Title: Gordon Wu '58 Professor of Chinese Studies. Professor of East Asian Studies and History. Chair, Department of East Asian Studies.
Field: East Asian history
Office: 208 Jones Hall
Benjamin Elman is Professor of East Asian Studies and History with his primary department in East Asian Studies. His teaching and research fields include: 1) Chinese intellectual and cultural history, 1000-1900; 2) history of science in China, 1600-1930; 3) history of education in late imperial China; 4) Sino-Japanese cultural history, 1600-1850. He received his Ph.D. in Oriental Studies from the University of Pennsylvania (1980) and came to Princeton in 2002 from the University of California, Los Angeles. From 1999 to 2001 he was the Mellon Visiting Professor in Traditional Chinese Civilization at the Institute for Advanced Study (Princeton, NJ). His publications include: From Philosophy To Philology (1984, 1990, 2001); Classicism, Politics, and Kinship (1990); A Cultural History of Civil Examinations in Late Imperial China (2000). He has recently completed two book projects: On Their Own Terms: Science in China, 1550-1900 (2005), and A Cultural History of Modern Science in Late Imperial China (2006). He is currently working on a project entitled "The Intellectual Impact of Late Imperial Chinese Classicism, Medicine, and Science in Tokugawa Japan, 1700-1850".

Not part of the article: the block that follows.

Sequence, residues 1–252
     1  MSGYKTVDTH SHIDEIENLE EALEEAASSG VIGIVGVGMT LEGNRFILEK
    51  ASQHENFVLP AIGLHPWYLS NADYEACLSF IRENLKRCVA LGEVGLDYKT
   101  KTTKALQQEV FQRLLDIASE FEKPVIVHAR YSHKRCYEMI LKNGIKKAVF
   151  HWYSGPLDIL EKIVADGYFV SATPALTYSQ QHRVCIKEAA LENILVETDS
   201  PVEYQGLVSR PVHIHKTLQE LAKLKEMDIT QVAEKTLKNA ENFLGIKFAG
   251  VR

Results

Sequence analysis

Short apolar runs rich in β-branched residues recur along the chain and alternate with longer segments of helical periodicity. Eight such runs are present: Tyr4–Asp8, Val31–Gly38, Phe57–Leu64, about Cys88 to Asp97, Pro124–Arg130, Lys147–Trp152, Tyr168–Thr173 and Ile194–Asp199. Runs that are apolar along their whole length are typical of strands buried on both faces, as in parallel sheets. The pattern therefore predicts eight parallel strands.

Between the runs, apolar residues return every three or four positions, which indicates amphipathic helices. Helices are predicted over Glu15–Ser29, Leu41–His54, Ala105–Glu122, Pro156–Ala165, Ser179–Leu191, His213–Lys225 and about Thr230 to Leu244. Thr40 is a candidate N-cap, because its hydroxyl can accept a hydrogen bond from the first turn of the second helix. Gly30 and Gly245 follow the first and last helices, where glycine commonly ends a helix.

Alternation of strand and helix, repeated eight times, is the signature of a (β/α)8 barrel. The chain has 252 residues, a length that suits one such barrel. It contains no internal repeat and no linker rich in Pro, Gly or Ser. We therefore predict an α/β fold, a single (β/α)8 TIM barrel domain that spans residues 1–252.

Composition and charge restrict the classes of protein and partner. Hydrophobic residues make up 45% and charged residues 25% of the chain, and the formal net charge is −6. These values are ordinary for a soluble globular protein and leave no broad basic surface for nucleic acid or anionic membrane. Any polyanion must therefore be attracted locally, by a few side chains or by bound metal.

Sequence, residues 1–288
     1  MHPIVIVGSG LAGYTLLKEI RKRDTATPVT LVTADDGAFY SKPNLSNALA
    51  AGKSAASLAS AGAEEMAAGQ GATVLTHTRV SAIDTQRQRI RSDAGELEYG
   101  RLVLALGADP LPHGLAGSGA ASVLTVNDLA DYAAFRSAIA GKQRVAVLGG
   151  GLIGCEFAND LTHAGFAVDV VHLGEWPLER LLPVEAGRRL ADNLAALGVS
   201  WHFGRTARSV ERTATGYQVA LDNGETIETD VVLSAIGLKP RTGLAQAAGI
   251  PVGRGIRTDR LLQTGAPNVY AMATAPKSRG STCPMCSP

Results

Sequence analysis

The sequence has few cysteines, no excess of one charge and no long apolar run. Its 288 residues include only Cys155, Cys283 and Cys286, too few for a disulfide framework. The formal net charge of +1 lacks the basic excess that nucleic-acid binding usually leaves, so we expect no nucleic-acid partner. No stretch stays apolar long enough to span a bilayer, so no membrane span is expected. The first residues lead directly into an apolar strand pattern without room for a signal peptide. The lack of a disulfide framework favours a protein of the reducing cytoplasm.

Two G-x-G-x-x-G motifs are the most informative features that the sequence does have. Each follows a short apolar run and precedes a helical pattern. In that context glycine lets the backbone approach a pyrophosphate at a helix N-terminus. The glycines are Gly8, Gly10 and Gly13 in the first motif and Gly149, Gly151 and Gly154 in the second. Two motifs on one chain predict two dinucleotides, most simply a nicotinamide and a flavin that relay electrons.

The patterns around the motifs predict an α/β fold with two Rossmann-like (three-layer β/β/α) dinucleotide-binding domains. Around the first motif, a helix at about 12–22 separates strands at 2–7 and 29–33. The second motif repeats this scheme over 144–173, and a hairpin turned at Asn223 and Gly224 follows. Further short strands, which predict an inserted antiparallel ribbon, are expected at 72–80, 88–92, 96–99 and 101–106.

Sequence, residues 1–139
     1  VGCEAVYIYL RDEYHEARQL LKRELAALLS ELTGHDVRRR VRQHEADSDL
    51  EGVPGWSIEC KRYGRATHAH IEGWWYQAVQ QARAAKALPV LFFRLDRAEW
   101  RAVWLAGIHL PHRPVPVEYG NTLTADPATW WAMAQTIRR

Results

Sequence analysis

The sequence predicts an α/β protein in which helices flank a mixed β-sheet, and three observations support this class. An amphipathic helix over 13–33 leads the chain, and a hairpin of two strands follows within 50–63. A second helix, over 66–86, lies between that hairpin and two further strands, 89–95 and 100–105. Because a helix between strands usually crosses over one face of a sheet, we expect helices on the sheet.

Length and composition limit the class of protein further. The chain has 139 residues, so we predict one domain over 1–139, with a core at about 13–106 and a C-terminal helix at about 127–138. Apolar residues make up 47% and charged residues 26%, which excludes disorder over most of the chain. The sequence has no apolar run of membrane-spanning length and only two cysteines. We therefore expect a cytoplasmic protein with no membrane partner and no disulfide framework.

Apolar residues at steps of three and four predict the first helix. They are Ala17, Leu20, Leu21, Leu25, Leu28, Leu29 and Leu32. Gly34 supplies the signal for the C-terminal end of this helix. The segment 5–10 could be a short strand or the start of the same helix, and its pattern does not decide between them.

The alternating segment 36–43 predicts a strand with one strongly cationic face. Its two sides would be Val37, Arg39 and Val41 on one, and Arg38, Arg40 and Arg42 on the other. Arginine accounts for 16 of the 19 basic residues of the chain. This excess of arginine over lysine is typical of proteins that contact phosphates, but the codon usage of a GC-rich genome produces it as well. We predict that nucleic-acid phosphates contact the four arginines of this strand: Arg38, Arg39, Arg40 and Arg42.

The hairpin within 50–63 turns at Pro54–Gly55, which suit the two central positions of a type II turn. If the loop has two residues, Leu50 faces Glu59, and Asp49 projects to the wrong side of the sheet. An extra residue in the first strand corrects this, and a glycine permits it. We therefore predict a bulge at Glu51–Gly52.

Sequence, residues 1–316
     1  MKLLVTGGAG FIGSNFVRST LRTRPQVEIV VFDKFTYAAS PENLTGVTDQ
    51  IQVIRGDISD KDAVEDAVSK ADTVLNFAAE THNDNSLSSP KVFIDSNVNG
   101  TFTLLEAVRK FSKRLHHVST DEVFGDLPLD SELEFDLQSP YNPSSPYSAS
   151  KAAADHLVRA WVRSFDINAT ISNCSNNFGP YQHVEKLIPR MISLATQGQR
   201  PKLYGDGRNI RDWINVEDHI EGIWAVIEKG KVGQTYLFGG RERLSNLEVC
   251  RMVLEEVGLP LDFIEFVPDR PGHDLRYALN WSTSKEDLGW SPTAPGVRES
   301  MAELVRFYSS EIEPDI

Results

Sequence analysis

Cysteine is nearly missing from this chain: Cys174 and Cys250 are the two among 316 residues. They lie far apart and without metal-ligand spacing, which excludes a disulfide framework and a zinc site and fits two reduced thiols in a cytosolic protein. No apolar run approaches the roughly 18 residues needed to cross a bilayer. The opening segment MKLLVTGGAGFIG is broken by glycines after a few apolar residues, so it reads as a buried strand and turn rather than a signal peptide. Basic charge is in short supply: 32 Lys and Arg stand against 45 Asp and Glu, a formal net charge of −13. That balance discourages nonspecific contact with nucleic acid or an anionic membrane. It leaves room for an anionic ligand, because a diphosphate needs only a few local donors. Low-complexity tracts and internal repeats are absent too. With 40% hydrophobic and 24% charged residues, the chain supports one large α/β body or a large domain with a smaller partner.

Professor Elman recently completed a book project entitled A Short Cultural History of Modern Science in Late Imperial China (Harvard University Press, 2006), which is designed as a textbook for a wider audience. He is currently studying the cultural interactions in East Asia during the 18th century, in particular the impact of Chinese classical learning, medicine, and natural studies on Tokugawa Japan and Choson Korea. He is also coauthor for the East Asian parts of a world history textbook, which represents the companion volume to Worlds Together, Worlds Apart [2002, 2008] and covers from prehistoric times up to 1300.
Professor Elman teaches undergraduate courses on the cultural and social history of China and on perceptions of China and Asia in the West, as well as a document-based course for sophomores in History addressing various topics in Chinese history, including the travels of Marco Polo, the Sino-Japanese War, and the Jesuits in China. He teaches graduate-level courses on the classical historiography of China, the history of education in China, the history of science in China, and (with Professor Susan Naquin) material culture and technology in China.
1. From Philosophy to Philology: Intellectual and Social Aspects of Change in Late Imperial China
2. A Cultural History of Modern Science in China
3. A Cultural History of Civil Examinations in Late Imperial China
4. On Their Own Terms: Science in China, 1550-1900
5. Civil Examinations and Meritocracy in Late Imperial China